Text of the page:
Poverty headcount ratio at $3.20 a day (2011 PPP) (% of population)
Equivalent to 365 Ghanaian Cedi per worker per month
WageIndicator Foundation, 2022
Equivalent to 2,324 Ghanian cedis for a family of 5 with 1.56 full-time workers per month.
Living Income Commuity of Practice, 2022
Employment in agriculture (% of total employment) (modeled ILO estimate)
Agriculture, forestry, and fishing, value added (% of GDP)
Ghana has a population of roughly 31.7 million people, with 42% living in rural regions and 58% living in urban areas. The agricultural sector employs 30% of the workforce, making up roughly one fifth of Ghana’s GDP.
Agriculture is the main source of livelihood for the majority of the country’s poorest households. Low yields for both staple and cash crops in Ghana’s agricultural sector is common. Ghana’s agriculture is dominated by smallholder farmers. They farm following traditional practices on plots which are often smaller than 2 ha. Agribusinesses have shown interest in collaborating with smallholders in Ghana. However, if Ghana’s traditional approach to agriculture is to change towards a modern commercial model, then small-holder farmers would need significant help to modernise their methods 
The top produced commodities in Ghana are cassava, yams, plantains, maize and palm oil fruit. Ghana’s top export commodities in terms of quantity are cocoa beans, shelled cashew nuts, palm oil cocoa powder and cocoa cake and wheat flower.
In Ghana the minimum wage is set by law at 13.53 Ghanaian cedi (2 EUR) per day , or 319 Ghanaian cedi (54 EUR) per month based on 27 working days. Many companies in the country however do not comply with the law. There has been a widespread violation of the minimum wage by all sectors. On the other hand, in the informal sector, the minimum wage was not enforced at all. In addition, although workers have the right by law to remove themselves from dangerous situations at work, only few reported free to exercise this right without feeling that they are jeopardising their employment.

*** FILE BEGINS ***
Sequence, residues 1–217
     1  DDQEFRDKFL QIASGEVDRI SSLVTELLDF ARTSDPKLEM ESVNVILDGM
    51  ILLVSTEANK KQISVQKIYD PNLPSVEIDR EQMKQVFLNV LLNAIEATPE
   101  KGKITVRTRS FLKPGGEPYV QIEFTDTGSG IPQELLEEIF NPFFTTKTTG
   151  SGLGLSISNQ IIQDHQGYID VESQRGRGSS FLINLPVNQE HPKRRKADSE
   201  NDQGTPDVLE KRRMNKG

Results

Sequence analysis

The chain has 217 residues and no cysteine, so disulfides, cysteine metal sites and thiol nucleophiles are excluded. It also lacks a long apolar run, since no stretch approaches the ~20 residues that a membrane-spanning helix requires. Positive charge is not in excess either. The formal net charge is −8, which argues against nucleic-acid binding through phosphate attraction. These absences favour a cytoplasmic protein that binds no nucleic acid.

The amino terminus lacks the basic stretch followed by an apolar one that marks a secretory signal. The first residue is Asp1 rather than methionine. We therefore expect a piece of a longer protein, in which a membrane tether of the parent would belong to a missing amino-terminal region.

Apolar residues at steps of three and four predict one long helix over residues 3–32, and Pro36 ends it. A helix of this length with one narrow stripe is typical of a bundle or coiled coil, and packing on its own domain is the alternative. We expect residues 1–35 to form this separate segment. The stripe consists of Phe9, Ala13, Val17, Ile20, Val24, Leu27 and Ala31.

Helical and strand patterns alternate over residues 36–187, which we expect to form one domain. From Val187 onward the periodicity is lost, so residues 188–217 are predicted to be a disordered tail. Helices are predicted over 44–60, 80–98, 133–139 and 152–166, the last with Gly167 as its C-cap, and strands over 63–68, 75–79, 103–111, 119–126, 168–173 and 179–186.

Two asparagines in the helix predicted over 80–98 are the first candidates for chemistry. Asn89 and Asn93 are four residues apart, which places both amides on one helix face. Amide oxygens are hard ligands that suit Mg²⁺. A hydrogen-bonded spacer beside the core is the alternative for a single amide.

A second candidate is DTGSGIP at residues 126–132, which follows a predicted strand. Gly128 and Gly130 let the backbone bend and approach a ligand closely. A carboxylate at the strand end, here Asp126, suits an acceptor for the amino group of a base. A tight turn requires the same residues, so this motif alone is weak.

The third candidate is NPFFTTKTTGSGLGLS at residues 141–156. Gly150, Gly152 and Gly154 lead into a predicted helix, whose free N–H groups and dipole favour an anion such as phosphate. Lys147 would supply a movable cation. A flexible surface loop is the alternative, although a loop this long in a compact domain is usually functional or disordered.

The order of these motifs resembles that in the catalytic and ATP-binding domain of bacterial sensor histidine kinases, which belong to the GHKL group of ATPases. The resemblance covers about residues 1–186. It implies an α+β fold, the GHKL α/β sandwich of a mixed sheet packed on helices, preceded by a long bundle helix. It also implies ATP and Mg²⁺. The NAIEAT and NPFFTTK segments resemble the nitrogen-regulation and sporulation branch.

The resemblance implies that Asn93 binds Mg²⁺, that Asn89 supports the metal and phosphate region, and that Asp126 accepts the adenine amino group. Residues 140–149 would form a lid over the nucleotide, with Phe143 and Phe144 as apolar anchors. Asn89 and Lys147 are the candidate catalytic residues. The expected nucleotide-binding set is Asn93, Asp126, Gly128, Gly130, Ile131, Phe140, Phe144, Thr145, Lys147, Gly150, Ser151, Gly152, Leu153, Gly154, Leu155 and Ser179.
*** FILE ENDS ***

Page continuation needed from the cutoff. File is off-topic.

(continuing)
The Global Living Wage Coalition has developed a Living Wage Benchmark study for peri-urban Ghana, Lower Volta region, based on the Anker methodology.
The Anker Living Wage Benchmark for peri-urban Ghana is estimated at 1,841 Ghanaian cedis (272 EUR) per month. The estimate accounts for the wage required by banana workers to afford a basic but decent standard of living in the lower Volta River region of Ghana. Banana workers in this region inhabit small towns and settlements along the river, which can be categorised as peri-urban. Although in Ghana bananas are grown in many areas for domestic consumption, all banana production for export is concentrated in the Lower Volta Region. The banana sector in the region is fully unionised, which creates favourable collective bargaining conditions. Nevertheless, banana workers in the area do not rely solely on their income from the banana plantations but rather try to diversify it through other activities. When compared to Ghana's national minimum wage, the living wage benchmark for the Lower Volta Region is more than 4 times higher.
The Living Income Community of Practise has developed a living income benchmark for the rural cocoa growing areas of Ghana (Ashanti, Central, Eastern, and Western Regions).
The estimated living income is 2,324 Ghanaian cedis (344 EUR) per month. This number is based on a typical family of 2 adults and 3 children, with 1.56 fulltime workers. Along with Côte d'Ivoire, Ghana is a leading force in cocoa production. More than half of all Ghana’s cocoa comes from the Western region, while second in importance is the Ashanti region.
Labour law violations regularly occur in Ghana, leaving many workers at risk. According to the CSR Risk check, in Ghana, violations of the minimum wage law in the formal economy is widespread. In addition, the majority of the workforce is informally employed, which leads to lost earnings, irregular income, no social security, and poor working conditions. Hence, an understanding of how the country operates in practise is crucial to understanding the root causes of low wages and how best to intervene.
The ITUC Global Rights Index, which assesses workers’ rights violations, gives Ghana a score of 3 out of 5, indicating that violations of labour rights are regular. The ITUC index describes legal impediments to the freedom of association, the right to collective bargaining, and the right to strike in Ghana. ITUC has also published a list of workers’ violations that have occurred in Ghana in recent years.
Labour laws are set nationally to protect workers' rights and define employers’ obligations and responsibilities. To better understand the labour, social security and human rights legislation in Ghana, visit NATLEX, a database developed by the International Labour Organization. Similarly, the WageIndicator Foundation provides detail information about Ghana’s labour law and examples of collective bargaining agreements used by different corporations in Ghana.
Updated living wage estimate for workers to be able to afford a basic but decent living standard in the Lower Volta River area of Ghana. Global Living Wage Coalition, 2022.
Living wage estimate for workers to be able to afford a basic but decent living standard in the Lower Volta River area of Ghana. Global Living Wage Coalition, 2021.